2015 is the International Year of Soils and throughout the year we’ll be highlighting CEH research on soils. To kick off I’ve been speaking to staff working on two of our key soil science projects. Here’s what they had to say:
Dr David Robinson is based at our Bangor site in north Wales. He’s worked extensively on soil physics and soil monitoring, and his career has taken him all over the world, starting at CEH’s site in Wallingford in the 1990s and completing a PhD and then working in Israel, the USA and the West Indies, before returning to CEH in 2009.
In recent years David has jointly led CEH’s input into the mySoil project with Bridget Emmett, an app which gives members of the public access to a comprehensive European soil properties map. As well as discovering what lies beneath their feet, users help build a community dataset by submitting their own soil information. David also takes a keen interest in how soil property change is assessed at the regional to global scale.
David told me, “The problem is that much of our soil survey data is both old and static in time. At national scales our understanding of how soils are responding to climate and land use drivers of change is limited. We need to think carefully about the type of soils data we collect, and the design of monitoring schemes to capture soil change.”
In a recent letter to Science (Science 347, 6218; 2015) David argued for prioritisation of ‘soil change’ assessment at regional to global scales. He told me, “Understanding the impacts of climate and environmental change is vital to human social and economic well being. This is not to diminish the importance of rare soils research, but simply to acknowledge that their identification is not currently the highest priority for soil science within environmental change research.”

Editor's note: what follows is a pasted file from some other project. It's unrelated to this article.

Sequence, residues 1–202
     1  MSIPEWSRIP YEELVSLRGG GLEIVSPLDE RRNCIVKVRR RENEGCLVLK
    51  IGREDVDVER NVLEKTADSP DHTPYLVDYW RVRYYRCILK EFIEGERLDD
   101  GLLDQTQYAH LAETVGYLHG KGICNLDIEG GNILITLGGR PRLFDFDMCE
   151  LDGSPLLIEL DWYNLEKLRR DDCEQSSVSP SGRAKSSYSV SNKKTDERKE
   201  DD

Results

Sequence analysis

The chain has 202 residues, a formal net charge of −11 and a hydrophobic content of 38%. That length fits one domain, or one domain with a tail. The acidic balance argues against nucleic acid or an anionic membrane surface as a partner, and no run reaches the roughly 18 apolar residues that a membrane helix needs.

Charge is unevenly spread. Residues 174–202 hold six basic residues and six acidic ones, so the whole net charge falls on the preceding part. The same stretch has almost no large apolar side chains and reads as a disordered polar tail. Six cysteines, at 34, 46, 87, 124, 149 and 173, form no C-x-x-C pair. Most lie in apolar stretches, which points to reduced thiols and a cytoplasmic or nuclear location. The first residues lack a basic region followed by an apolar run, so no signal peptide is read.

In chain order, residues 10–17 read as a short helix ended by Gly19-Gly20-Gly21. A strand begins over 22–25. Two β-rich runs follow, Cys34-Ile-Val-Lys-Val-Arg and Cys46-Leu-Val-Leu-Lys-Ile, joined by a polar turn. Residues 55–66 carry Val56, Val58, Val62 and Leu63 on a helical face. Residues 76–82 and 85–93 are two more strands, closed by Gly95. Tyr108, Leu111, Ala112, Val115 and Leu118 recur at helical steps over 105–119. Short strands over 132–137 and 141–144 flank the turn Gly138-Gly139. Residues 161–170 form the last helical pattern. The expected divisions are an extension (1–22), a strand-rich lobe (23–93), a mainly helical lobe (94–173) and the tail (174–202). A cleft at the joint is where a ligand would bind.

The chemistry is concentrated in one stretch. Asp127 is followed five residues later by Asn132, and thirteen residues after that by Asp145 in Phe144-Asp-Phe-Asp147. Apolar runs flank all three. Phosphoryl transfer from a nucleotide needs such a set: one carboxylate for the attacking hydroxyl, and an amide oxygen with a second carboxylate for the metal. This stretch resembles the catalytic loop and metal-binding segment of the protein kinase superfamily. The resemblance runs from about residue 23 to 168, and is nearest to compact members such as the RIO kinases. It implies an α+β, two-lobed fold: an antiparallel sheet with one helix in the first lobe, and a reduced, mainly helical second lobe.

Dr Jonathan Evans is based at our Wallingford site in Oxfordshire. He’s the technical lead on the COSMOS-UK project, a new network that is delivering real-time weather monitoring and field scale measurements of soil moisture across the United Kingdom.
Jonathan told me, “The health of our soils is something that we take for granted but it has a profound effect on our environment – not only what we see and our enjoyment of its beauty, but also in our climate and weather systems, through complex interactions between the air and the land surface.”
He added, “COSMOS-UK has great potential to transform hydro-meteorological modelling, for example for flood and drought prediction, by providing continuous field measurements to test and improve national weather and flood forecast models. Using the new technology of cosmic-ray soil moisture sensing, our measurements are representative of areas up to 700m in diameter – this is really useful to average the highly variable soil moisture over a scale relevant for water resource, flood and climate modelling, and for comparison with satellite remote sensing of soil moisture.”
The COSMOS-UK project website is a mine of information on the project including a great description of the technical details (and challenges) behind measuring soil moisture using the cosmic-ray technique.
Jonathan and project co-workers David Boorman and Lucy Ball were recently interviewed for BBC Radio 4’s Inside Science programme. The interview was first broadcast on 15 January 2015 and is available to listen to again online.